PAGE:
Today, I get to talk about my favorite book and greatest movie from my young childhood: Jurassic Park! To this day the movie Jurassic Park holds up as a classic, and I finally decided to read the original book by Michael Crichton. I can't put into words how much I loved the book but I'll say this: I've read many books that I liked and even loved, but I've never claimed to have a favorite, until now.
So, Book vs Movie: I'll go over some basics first:
Michael Crichton, crafted Jurassic Park as a remarkable literary achievement. The book captivated readers with its meticulous scientific explanations, multifaceted characters, and contemplation of profound themes. Crichton's exploration of the ethical implications surrounding genetic engineering and humanity's inclination towards hubris prompts introspection, inviting readers to ponder their own role in scientific progress.
Directed by Steven Spielberg, the Jurassic Park movie made a mark on pop culture. Spielberg's artistry, showcased through groundbreaking visual effects, including a life-size statue of a T-rex, relentless suspense, and exhilarating action sequences, breathed life into the prehistoric creatures, leaving audiences on the edge of their seats,—or on the floor right next to the screen like me. The film succeeded in capturing the grandeur and wonder of these ancient beings, forever securing its place in the annals of cinema.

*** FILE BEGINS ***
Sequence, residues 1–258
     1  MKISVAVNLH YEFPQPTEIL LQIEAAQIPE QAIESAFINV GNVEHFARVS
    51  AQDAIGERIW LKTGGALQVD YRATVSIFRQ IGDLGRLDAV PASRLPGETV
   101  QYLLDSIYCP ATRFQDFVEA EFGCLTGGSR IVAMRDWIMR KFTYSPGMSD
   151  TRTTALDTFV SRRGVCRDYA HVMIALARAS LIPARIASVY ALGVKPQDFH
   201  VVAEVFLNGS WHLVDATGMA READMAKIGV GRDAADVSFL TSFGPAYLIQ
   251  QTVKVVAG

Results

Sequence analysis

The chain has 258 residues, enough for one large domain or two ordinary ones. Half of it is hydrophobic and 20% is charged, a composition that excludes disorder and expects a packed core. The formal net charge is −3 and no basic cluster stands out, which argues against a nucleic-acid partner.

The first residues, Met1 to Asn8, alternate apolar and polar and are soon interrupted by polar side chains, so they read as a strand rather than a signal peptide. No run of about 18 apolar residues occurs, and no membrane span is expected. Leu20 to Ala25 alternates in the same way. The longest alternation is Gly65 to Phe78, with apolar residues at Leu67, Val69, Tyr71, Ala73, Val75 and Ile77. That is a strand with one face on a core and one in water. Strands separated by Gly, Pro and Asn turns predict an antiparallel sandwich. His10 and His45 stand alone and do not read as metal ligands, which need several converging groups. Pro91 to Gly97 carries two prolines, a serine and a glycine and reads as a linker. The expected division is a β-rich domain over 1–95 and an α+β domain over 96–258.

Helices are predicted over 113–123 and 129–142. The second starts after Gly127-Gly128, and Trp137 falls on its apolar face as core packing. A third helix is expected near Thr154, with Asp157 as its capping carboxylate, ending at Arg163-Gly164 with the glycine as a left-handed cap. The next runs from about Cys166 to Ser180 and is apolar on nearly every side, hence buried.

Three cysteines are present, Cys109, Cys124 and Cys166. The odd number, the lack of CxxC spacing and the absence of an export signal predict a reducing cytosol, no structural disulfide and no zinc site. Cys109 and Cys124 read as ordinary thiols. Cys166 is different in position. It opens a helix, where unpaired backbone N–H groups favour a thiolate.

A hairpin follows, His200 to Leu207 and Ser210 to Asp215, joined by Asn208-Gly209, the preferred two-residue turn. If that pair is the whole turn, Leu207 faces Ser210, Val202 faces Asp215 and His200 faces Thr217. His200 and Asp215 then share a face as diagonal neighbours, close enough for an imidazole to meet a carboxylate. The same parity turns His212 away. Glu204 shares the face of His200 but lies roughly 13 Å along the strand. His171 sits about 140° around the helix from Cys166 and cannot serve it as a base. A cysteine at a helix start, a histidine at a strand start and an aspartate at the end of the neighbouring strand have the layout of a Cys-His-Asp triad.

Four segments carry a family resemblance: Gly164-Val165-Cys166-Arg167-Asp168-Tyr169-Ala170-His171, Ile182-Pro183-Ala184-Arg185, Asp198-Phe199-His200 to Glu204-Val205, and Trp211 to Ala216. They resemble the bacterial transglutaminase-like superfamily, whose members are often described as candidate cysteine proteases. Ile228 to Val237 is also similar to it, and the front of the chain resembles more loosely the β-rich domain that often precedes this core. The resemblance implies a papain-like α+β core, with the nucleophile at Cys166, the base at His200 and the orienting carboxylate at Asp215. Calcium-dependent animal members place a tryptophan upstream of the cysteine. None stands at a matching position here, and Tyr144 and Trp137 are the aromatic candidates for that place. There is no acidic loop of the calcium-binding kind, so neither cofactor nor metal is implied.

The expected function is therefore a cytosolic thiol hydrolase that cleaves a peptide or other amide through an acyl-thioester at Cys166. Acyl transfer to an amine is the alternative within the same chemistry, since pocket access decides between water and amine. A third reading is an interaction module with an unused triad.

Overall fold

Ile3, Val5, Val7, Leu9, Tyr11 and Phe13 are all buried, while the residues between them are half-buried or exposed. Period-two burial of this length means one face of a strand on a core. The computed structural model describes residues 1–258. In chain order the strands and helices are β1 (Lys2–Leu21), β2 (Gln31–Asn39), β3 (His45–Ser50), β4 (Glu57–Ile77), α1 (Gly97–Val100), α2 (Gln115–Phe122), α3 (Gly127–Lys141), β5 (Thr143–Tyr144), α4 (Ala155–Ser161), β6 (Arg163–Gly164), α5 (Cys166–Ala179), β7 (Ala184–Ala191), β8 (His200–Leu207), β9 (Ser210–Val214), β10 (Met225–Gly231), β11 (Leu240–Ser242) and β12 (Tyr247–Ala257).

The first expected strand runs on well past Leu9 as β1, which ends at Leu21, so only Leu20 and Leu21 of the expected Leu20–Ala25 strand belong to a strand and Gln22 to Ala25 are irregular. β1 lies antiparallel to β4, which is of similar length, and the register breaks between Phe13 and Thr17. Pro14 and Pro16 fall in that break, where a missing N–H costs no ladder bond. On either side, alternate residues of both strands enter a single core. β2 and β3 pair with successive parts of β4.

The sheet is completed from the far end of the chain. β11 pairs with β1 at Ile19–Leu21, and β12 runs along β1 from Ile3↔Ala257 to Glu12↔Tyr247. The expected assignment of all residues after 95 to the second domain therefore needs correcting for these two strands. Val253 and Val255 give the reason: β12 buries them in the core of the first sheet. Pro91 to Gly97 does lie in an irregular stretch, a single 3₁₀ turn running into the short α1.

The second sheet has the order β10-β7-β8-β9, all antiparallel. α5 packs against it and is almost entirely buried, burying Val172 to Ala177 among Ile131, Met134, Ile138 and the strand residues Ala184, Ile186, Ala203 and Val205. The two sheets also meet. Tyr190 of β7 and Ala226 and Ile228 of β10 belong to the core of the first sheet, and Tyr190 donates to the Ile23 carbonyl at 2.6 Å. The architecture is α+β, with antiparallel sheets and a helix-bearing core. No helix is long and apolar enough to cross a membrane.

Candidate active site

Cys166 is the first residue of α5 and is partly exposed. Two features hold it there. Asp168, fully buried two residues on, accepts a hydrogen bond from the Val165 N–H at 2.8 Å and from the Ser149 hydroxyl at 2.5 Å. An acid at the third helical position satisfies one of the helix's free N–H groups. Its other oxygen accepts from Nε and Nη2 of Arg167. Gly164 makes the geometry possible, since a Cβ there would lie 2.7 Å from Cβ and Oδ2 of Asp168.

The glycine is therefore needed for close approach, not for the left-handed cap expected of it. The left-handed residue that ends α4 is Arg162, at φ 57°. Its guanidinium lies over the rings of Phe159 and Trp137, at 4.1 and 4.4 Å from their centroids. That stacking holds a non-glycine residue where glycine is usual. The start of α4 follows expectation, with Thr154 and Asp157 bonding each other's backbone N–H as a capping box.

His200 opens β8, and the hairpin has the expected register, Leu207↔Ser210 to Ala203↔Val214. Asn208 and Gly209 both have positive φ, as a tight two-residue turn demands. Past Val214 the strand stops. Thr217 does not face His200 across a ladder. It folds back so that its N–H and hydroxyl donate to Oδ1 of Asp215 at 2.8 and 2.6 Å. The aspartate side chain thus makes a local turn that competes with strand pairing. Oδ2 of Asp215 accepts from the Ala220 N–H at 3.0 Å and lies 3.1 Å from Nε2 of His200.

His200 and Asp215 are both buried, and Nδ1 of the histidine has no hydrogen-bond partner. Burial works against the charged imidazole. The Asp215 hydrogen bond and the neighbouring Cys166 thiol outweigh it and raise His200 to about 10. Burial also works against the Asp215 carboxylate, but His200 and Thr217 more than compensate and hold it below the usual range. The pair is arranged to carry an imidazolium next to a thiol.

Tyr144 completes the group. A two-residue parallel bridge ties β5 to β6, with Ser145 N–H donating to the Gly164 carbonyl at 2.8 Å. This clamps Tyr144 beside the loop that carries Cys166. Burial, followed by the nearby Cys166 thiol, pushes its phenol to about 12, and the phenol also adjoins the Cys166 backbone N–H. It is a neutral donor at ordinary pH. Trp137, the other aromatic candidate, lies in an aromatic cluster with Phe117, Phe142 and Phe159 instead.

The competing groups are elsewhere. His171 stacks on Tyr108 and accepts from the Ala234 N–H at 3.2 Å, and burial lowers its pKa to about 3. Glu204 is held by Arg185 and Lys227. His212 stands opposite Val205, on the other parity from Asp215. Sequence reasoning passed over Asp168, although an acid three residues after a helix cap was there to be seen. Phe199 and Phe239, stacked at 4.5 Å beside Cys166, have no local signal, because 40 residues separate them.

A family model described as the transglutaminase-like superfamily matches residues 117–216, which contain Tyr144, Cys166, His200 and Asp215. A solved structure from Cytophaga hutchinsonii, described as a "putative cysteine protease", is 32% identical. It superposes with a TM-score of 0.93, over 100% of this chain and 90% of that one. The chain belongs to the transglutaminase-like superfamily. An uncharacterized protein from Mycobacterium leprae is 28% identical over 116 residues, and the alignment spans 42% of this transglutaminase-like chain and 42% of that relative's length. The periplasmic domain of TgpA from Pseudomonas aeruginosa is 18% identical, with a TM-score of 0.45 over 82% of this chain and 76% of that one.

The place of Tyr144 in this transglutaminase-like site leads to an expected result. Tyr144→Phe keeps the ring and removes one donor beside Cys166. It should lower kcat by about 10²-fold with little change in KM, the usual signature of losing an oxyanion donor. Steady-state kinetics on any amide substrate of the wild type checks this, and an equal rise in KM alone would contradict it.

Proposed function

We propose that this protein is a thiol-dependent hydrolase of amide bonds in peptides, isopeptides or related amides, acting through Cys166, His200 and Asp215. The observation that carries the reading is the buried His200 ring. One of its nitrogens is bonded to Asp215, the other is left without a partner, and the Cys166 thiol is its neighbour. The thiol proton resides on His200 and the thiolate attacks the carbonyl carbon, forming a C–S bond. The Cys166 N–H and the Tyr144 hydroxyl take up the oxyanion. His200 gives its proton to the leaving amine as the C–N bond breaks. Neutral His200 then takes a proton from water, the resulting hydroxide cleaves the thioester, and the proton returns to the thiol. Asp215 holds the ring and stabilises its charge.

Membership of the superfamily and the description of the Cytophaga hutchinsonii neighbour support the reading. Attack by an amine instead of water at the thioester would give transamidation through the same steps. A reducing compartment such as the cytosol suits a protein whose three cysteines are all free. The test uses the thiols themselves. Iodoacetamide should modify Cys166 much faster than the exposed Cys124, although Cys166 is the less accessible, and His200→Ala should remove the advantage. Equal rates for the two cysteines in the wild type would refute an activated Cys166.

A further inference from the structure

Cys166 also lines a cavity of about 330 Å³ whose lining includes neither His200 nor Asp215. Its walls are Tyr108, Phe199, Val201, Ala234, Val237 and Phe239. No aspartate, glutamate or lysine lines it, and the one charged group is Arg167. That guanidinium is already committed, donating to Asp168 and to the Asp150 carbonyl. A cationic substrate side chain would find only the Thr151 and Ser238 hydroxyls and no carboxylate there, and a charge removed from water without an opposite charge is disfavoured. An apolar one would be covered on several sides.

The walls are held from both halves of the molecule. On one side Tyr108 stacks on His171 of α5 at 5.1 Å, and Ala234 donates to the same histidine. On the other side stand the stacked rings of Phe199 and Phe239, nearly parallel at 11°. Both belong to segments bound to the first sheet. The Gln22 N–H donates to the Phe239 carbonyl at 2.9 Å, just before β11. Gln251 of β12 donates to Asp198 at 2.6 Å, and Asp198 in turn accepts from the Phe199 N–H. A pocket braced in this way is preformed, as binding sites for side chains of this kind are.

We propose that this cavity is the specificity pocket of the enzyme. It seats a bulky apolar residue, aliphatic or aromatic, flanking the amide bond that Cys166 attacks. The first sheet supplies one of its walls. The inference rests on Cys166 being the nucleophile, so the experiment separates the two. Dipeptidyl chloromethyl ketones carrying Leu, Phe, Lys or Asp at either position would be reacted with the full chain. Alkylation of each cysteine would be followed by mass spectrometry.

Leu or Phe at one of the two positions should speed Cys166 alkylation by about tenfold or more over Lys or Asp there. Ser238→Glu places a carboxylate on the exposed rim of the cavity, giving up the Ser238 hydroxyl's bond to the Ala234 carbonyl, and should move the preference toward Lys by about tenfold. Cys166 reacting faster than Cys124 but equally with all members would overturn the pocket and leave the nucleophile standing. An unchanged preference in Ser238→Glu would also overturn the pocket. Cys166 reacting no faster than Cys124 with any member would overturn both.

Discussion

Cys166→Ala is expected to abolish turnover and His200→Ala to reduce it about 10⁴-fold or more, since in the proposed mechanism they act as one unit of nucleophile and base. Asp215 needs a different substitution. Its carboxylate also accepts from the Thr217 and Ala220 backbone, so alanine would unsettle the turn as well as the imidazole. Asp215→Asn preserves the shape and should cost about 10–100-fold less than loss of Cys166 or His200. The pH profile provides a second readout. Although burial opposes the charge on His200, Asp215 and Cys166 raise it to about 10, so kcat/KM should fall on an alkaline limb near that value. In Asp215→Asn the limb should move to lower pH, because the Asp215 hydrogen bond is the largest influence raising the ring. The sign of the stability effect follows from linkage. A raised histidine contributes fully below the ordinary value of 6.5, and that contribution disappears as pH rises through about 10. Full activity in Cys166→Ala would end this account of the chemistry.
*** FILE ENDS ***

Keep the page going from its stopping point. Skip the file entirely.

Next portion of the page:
You always get more from the book than the movie. In the movie, Dr. Grant just knows that they can't see you if you don't move...which doesn't make much sense as it's not a theory in paleontology. In the book, after encountering many different dinosaurs Dr. Grant deduces that the animals act differently when he's still. It becomes established as something specific to the genetically engineered creatures.
The book is more of a horror-science fiction-thriller, the movie is more thriller-action adventure. As I am a horror and science fiction lover, you may understand why I gravitate more towards the book. The book starts with the rediscovered dinosaur and then quickly turns into horror. Which includes adults, small children, and babies being attacked on and off the island.
The best part of the movie is the T-rex. They straight up sculpted a life-sized animatronic for the movie. That scene when it walks through the enclosure in the rain, will forever be one of the best cinematic moments of all time.
The casting of Laura Dern as Dr. Ellie Sattler. I only see Laura Dern as that character. She was strong, smart, and conveyed all of the things that made her character great. Perfect casting that absolutely reflected the character in the book.
Things that should have been in the movie
The set up. In the books first chapters, an extinct dinosaur was rediscovered on the nearby islands indicating that the parks inhabitants were escaping. It would've been a darker tone BUT it would've given more credence to the breeding problem. Which was only really discussed once in the movie. It was more of an oh, no, we got something wrong instead of a we have a serious problem and are all about to die.
Whether you're watching the movie or reading the book, you're a winner. They're both classics and you can't go wrong. Now if you'll excuse me, I'm off to read the next Jurassic Park book.